Maybe I’m fortunate I don’t cover JA sports anymore.

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Received the following news release that informed the public of the showing of the film “Issei: The First Generation” on Sunday, June 29, at 11:30 a.m. at Gardena Buddhist Church, 1517 W. 166th St., Gardena:

Filmed in 1983 in and around Walnut Grove, “Issei” was shown only twice in 1984 on local television in the Bay Area. Buried in the vaults for 30 years, this unique film was produced by poet and filmmaker Toshi Washizu.

Fifty-four minutes in length, “Issei” is about Japanese who immigrated to the West Coast at the turn of the century. These pioneering men and women tell their own stories of struggles and triumphs in a new land. Actress Amy Hill narrates the film, which has subtitles for the Japanese interviews.

With the generous help of UCLA Professor Lane Hirabayashi, holder of the Aratani Endowed Chair, Washizu has generated a newly restored, wide-screen, digital version of the film. Hirabayashi will be present to introduce the film and to answer questions.

“Issei” is one of the few films that documents Japanese Americans in rural settings generally, and the San Joaquin Delta area specifically, making it a valuable contribution to the history of the first-generation Japanese experience before, during, and after the war.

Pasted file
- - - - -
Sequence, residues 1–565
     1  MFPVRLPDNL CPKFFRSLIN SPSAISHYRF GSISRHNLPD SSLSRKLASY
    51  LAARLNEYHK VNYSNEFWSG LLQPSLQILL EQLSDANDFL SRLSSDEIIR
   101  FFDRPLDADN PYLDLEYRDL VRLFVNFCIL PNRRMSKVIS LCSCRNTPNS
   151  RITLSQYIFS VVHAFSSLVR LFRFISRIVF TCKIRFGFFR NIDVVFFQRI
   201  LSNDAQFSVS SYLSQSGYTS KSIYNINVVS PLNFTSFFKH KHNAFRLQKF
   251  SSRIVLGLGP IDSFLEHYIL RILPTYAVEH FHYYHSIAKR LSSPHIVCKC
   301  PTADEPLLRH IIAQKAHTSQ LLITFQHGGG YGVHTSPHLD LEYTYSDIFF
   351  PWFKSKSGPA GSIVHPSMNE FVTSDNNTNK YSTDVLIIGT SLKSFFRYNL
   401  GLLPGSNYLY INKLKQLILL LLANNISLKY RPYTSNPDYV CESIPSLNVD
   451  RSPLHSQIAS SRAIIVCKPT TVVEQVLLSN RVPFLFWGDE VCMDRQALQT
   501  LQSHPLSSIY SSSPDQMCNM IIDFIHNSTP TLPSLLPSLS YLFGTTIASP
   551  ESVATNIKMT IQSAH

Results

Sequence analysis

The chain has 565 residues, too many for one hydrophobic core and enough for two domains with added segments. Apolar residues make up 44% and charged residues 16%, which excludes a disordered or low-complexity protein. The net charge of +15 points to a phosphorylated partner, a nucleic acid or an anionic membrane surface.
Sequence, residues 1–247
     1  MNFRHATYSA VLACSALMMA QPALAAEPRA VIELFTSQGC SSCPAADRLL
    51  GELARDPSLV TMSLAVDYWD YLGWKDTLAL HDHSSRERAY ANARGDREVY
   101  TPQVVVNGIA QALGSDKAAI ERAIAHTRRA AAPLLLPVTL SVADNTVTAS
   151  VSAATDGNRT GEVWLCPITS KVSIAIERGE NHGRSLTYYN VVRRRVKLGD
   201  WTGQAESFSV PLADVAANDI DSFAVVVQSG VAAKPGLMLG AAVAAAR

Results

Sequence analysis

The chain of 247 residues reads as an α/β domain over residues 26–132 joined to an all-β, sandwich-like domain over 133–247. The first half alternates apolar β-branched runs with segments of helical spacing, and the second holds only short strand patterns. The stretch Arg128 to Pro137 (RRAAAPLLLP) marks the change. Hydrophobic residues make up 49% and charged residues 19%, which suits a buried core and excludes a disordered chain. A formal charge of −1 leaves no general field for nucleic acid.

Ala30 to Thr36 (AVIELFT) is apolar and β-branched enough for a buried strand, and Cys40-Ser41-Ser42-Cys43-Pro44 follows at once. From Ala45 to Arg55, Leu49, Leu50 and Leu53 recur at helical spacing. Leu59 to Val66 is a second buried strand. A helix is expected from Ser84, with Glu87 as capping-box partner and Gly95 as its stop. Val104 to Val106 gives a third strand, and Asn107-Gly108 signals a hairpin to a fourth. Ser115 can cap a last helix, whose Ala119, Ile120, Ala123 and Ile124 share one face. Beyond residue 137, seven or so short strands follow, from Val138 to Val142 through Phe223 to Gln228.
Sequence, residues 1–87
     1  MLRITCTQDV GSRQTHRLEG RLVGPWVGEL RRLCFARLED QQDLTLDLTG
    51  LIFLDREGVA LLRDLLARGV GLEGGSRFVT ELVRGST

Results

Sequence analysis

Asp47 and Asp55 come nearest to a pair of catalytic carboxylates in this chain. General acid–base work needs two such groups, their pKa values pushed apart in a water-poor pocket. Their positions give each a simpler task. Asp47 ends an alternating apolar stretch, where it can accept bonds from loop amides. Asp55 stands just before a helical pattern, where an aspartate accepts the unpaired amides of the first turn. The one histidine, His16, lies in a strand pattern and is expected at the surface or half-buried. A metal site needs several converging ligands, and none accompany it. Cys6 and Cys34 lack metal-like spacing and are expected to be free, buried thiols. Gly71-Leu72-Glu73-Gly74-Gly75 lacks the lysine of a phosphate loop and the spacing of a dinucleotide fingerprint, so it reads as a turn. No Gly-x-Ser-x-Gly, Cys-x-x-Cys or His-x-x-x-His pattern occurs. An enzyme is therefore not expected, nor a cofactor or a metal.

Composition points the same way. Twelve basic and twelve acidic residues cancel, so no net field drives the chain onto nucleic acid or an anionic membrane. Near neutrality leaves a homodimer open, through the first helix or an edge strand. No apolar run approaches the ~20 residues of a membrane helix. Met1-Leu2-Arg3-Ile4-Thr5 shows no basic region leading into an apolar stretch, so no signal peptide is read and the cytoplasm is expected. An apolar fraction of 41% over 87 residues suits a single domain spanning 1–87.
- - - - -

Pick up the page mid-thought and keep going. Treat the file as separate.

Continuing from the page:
Among the survivors of this remarkable generation who began the Japanese American tradition were 95-year-old Yasu Kawamura, who along with her husband settled in Walnut Grove, where the couple managed a barbershop; Kumajiro Murakami, 102, who tells of how he immigrated first to Hawaii, where he worked on a sugar plantation, and later to California to become one of the first pioneers of the strawberry industry in Watsonville; and Taka Washizu, 84, who tells of hardships before, during, and after the war, working with her sharecropper husband in Walnut Grove.

Light snacks will be served. Register by contacting Patti Nishimura at (310) 527-7265 or [email protected]